Confidence in gene-edited T cell therapies from donor cells has faltered as Allogene Therapeutics paused all clinical development following the detection of an unexpected genetic change in a clinical trial. Industry experts see these events as a reality check for the nascent field.
Off-the-shelf treatments that use genetically engineered T cells to treat diseases suffered a blow to their image earlier this month when a gene-edited Chimeric Antigen Receptor (CAR)-T cell therapy, developed by the US biotech Allogene Therapeutics, encountered a safety concern in a phase I/II trial.
According to Allogene, a biopsy from a blood cancer patient infused with its CAR-T cell therapy revealed CAR-T cells with an unexplained chromosomal change. The company noted that the abnormality was found on a chromosome that’s also targeted by TALEN-based gene-editing technology used by the firm. It’s still unclear if the change originated from the gene-editing process, and what its clinical impact could be.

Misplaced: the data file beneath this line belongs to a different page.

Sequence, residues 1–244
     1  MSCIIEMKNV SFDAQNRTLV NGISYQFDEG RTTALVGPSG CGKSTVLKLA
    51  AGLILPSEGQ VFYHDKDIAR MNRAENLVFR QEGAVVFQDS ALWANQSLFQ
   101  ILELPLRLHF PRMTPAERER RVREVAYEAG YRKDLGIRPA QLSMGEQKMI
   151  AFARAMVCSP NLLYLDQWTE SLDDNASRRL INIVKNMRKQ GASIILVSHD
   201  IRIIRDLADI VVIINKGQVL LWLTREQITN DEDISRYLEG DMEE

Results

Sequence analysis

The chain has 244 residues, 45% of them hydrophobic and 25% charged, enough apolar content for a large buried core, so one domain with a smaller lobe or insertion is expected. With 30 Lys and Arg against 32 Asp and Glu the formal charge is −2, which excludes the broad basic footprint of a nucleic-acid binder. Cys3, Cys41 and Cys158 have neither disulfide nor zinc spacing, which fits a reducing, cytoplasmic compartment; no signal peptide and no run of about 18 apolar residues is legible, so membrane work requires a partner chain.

The FDA has put a hold on all clinical trials involving Allogene’s CAR-T cell therapy,
The post Gene-Edited T Cell Therapy Players Battle Safety Doubts appeared first on Labiotech.eu.
© Labiotech UG and Labiotech.eu. Unauthorized use and/or duplication of this material without express and written permission from this site’s author and/or owner is strictly prohibited. Excerpts and links may be used, provided that full and clear credit is given to Labiotech UG and Labiotech.eu with appropriate and specific direction to the original content.
Published on Fri, 22 Oct 2021 07:00:00 +0000 on behalf of power apps shorten link